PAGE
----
Defendants Barr and Novopharm contend that an alleged inventor cannot attain a "definite and permanent," and thus, complete, conception until he has a reasonable expectation or understanding that the product will work as planned. The court finds no support for this contention in the cases cited by the defendants as applied to this case. The doctrine of simultaneous conception and reduction to practice does not apply here. The law requires only that the conceiver possess an inventive idea that can be described in sufficient detail that one of ordinary skill in the art could reduce it to practice. Actual knowledge or a reasonable expectation for believing that the idea will work is not an element of conception. See Applegate v. Scherer, 332 F.2d 571, 573, 51 C.C.P.A. 1416 (1964).
Accordingly, the court finds as a matter of law that an inventor need not have an objectively reasonable basis for believing that an idea will work for conception to be complete. The "formation in the mind of the inventor, of a definite and permanent idea of the complete and operative invention, as it is thereafter to be applied in practice" embodies the law of conception. Hybritech Inc. v. Monoclonal Antibodies, Inc., 802 F.2d 1367, 1376 (Fed.Cir.1986), cert. denied, 480 U.S. 947, 107 S. Ct. 1606, 94 L. Ed. 2d 792 (1987). Conception is complete when the inventor has conceived the means of reducing the invention to practice and no more than routine skill would be required to do so. Rey-Bellet v. Englehardt, 493 F.2d 1380, 1387 (C.C.P.A.1974).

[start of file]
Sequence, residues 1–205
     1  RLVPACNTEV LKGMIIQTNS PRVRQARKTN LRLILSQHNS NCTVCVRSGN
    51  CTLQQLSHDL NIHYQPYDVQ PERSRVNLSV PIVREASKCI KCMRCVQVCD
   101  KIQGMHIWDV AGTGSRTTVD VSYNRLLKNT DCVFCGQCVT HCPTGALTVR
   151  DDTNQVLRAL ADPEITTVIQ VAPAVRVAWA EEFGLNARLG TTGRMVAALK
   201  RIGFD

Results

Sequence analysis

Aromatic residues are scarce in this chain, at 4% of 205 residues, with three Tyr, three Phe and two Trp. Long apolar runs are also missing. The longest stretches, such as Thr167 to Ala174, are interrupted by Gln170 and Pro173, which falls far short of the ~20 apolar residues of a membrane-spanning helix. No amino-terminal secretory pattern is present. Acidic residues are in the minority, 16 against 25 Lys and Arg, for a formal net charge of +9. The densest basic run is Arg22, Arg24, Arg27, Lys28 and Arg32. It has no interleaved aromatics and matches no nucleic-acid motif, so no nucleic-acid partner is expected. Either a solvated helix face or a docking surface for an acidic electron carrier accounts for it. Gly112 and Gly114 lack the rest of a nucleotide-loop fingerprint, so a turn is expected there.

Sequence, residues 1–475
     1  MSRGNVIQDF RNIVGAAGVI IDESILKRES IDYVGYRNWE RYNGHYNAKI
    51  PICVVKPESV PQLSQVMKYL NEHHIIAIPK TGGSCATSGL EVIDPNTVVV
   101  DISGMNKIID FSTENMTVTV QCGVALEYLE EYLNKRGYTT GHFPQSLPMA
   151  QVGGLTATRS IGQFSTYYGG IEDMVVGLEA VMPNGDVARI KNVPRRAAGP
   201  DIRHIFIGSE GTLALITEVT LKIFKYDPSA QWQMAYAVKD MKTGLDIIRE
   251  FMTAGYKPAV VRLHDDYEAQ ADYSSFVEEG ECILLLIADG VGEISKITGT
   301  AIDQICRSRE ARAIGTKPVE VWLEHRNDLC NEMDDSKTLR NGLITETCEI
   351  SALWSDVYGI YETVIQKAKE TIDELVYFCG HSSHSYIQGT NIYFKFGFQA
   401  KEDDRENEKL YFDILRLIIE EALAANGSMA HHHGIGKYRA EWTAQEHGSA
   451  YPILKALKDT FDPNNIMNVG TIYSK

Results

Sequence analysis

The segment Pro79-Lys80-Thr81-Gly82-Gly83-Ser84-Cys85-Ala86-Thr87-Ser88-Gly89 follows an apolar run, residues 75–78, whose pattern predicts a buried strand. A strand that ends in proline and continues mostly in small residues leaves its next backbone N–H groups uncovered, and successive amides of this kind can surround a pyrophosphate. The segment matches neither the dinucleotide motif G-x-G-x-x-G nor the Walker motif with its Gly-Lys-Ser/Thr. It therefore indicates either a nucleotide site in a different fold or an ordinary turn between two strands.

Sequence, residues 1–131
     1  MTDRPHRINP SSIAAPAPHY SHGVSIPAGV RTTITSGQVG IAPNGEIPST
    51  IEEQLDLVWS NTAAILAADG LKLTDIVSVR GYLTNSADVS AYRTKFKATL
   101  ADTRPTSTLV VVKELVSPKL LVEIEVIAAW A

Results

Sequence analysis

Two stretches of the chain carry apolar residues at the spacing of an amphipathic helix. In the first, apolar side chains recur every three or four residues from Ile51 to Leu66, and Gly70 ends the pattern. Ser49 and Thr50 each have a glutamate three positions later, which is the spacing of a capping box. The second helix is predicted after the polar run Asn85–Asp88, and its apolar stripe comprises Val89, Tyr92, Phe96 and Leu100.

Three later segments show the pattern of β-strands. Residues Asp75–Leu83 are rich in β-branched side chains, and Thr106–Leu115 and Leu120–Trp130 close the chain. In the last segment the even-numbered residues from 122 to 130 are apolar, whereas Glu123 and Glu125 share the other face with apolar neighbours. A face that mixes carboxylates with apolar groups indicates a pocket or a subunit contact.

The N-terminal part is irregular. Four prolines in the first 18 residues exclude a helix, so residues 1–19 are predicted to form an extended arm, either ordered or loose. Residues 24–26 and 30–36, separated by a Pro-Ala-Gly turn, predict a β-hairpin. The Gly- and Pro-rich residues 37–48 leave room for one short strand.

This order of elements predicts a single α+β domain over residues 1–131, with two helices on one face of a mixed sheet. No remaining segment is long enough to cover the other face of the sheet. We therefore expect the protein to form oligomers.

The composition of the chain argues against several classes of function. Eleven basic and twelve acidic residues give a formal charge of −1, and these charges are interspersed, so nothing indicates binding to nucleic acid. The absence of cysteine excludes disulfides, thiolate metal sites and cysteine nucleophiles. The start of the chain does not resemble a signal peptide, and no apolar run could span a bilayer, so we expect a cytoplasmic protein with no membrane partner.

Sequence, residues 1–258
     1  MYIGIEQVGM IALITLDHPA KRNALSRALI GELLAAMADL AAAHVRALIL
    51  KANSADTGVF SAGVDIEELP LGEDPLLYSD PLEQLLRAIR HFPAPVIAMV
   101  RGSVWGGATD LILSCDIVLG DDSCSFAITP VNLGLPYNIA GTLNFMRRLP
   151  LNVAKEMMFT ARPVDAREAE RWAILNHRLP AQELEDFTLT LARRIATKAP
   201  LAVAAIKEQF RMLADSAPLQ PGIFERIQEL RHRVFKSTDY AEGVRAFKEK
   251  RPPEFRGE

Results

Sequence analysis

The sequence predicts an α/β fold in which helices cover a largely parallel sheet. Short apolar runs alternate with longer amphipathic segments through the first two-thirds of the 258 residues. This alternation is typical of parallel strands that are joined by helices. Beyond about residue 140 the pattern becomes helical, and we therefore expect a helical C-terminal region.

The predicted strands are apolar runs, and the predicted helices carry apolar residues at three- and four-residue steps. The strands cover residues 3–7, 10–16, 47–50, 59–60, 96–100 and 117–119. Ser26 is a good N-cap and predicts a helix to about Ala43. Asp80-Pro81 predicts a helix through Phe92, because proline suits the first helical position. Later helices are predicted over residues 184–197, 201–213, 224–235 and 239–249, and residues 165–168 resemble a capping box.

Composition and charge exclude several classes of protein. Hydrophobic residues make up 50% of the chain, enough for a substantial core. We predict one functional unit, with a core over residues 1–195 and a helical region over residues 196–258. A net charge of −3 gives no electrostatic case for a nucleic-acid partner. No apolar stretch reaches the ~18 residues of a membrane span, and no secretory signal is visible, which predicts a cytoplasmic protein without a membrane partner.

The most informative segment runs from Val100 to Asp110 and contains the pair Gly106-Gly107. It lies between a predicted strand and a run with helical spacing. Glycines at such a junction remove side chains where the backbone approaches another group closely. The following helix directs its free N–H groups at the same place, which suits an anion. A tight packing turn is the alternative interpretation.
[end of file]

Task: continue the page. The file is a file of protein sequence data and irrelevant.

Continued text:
With this understanding of the law, the court notes that the issue of conception the formation of a complete and operative idea in the mind of an inventor necessitates *1206 inquiry into the mental impressions, thoughts, and conclusions of the inventor. Traditionally, such "mental" facts are determined largely by corroborating evidence and the opportunity to evaluate the demeanor and credibility of live witnesses.
Given the shifting burdens in summary judgment proceedings, once BW Co. shows that its inventors conceived of the idea of using AZT as an AIDS therapy, the burden shifts to the defendants to show the existence of a factual dispute on the issue of conception. The evidence required to meet this burden implicates the subjective state of mind of the BW Co. inventors; it requires Barr and Novopharm to come forward with evidence showing that the BW Co. inventors did not have "a complete and operative idea" of a method for using AZT to treat AIDS patients which could have been reduced to practice by one of ordinary skill in the art. Such evidence is largely unavailable to a party in response to a motion for summary judgment.